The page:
# Course Report: Solid State Physics in Three Classes

In the last course report post, we dispensed of atomic and molecular physics in just three classes. The next three classes do the same for solid state physics.

Class 25 picks up on the idea of basic molecular potentials from the end of the previous class, and uses that to introduce energy bands in a qualitative manner. Bringing two atoms together splits the electron levels into two states, adding a third adds more closely spaced levels, and so on. Every time you add more atoms, you add more closely spaced energy levels, and as you approach truly macroscopic systems, those states run together into energy bands.

Then, I talk about this a little more formally, in the Kronig-Penney model of a periodic array of square wells. We don't go through all the math in gory detail, but we did talk about the square well potential, as well as barrier penetration and tunneling. They've seen the boundary value matching problem in those contexts, so they can at least understand the set-up of the problem.

I show them the transcendental equation that results from the Kronig-Penney model, and then how that leads to bands of allowed states. Having thus established the existence of energy bands twice, I close with a short explanation of how band structure explains electrical conductivity.

Class 26 picks up on band structure, and talks about semiconductors and semiconductor doping. I explain how you can make p-type and n-type semiconductors by adding different impurities to silicon, and how this lets you control the conductivity of the semiconductor. then I go into how a p-n junction lets you make a diode, which allows current to flow in only one direction. Then there's a very quick and qualitative explanation of how transistors work.

Class 27 moves on to talk about superconductivity. I show a sketch of the original superconductivity data from Onnes, and then talk about possible ways this might come about. I give a hand-wavy explanation of how lattice vibrations lead to increased resistance (basically a Drude-type model of ballistic electron motion, with ion cores sometimes moving into the path of an electron). This leads to decreasing resistance at low temperature, but won't get you to zero resistance, because of zero-point energy.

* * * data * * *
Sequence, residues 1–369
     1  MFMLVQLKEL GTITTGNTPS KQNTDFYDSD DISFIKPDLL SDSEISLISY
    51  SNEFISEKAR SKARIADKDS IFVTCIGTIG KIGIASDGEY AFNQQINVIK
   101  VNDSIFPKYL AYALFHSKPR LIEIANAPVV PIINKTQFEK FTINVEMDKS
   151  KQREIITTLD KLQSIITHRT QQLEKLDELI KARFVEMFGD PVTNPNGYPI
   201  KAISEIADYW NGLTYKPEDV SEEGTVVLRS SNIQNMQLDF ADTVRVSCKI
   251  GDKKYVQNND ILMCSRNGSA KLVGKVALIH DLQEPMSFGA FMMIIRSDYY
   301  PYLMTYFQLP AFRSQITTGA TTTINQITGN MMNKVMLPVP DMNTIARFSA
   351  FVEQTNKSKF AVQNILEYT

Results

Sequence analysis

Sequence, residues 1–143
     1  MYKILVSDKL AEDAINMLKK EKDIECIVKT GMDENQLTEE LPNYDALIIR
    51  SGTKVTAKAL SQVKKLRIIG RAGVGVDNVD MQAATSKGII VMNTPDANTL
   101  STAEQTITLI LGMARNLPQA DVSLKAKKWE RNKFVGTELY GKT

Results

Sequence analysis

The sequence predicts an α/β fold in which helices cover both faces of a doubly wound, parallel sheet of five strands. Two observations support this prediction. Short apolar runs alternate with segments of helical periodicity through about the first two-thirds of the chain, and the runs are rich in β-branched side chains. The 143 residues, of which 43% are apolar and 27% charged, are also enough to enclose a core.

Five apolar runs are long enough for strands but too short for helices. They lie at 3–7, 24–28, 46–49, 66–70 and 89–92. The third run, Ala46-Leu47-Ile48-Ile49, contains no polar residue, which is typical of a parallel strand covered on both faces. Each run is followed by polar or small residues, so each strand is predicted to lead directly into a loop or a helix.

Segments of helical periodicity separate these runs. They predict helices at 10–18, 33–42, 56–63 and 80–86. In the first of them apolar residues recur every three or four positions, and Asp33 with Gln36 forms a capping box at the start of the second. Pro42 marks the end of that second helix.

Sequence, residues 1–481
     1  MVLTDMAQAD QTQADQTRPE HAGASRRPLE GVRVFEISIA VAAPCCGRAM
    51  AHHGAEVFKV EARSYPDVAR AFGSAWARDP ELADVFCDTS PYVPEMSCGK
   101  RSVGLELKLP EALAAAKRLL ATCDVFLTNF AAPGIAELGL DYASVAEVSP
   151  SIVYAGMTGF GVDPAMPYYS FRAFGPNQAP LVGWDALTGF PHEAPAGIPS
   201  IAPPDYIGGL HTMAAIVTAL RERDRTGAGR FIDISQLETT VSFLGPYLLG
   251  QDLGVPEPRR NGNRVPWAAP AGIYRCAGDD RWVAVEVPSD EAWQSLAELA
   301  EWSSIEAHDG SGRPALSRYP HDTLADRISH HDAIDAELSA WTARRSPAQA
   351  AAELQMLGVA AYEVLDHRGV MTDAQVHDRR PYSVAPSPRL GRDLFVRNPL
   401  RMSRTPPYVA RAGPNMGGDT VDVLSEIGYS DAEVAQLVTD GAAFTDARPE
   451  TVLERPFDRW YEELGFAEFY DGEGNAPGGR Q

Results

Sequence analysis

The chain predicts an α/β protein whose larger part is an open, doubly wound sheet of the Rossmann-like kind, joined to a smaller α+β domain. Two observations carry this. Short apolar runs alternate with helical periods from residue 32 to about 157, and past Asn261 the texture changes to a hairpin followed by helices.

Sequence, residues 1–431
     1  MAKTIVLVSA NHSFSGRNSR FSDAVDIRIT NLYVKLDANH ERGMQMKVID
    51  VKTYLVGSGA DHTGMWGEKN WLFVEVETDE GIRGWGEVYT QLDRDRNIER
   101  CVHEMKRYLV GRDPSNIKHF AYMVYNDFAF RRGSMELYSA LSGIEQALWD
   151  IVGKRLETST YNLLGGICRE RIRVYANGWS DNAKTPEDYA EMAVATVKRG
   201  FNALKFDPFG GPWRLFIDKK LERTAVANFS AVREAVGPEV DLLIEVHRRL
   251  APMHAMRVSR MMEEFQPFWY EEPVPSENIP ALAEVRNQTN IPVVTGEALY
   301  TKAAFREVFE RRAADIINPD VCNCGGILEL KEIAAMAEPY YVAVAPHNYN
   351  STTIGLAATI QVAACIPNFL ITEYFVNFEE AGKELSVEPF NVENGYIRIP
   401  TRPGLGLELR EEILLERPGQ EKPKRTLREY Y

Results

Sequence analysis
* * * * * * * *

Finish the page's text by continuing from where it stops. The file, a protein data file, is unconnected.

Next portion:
Then I digress a little to talk about distribution functions, and how the Fermi-Dirac distribution leads to electrons at very high energies. I then show the Bose-Einstein distribution as an alternative, and talk a bit about superfluidity, which is a frictionless flow of atoms related to Bose-Einstein Condensation. If we could somehow make a BEC of electrons, we might be able to explain superconductivity.

This is followed by a hand-wavy discussion of Cooper pairing, in which electrons can "pair up" through interactions mediated by the positive ions in the lattice. These electron pairs have two spin-1/2 particles, making them a composite boson, which can then Bose condense. This can only happen if the vibrational motion of the ions is small enough that to be overcome by interactions with the electrons, which is why it's a very low temperature phenomenon.

The discussion of superconductivity is mostly an excuse to break out the liquid nitrogen and show them the Meissner effect in high-T_c superconductors, levitating a little magnet over a chunk of ceramic superconductor. And then to play with the liquid nitrogen a bit because, dude, liquid nitrogen!

If the previous post's material was a mess, textbook-wise, this is even worse. From memory, I think this starts in Chapter 8, then skips to Chapter 11, drops back into Chapter 10, then briefly into Chapter 9, and finishes up in Chapter 10. Again, though, it's as clear a narrative flow I can construct from this collection of topics.

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Your narrative is excellent. I've never taught this class, but every book I use has a "modern" section and I rarely like the way they introduce the ideas. Too much history, not enough physical logic.

I really like that you approach superconductivity with the connection to the BEC. Something similar happens in nuclei, but it is off the edge of what you can touch on in the class you teach. The key is to show the unity of this concept.

BTW, did you do a demo with a diode? There are real simple ones that show the effect. If you have the right tools, you can do a V=IR graph with a resistor and a diode to show that it is an extremely non-ohmic device. The sooner your students learn that Ohm's Law Isn't, the better.

By CCPhysicist (not verified) on 01 Apr 2009 #permalink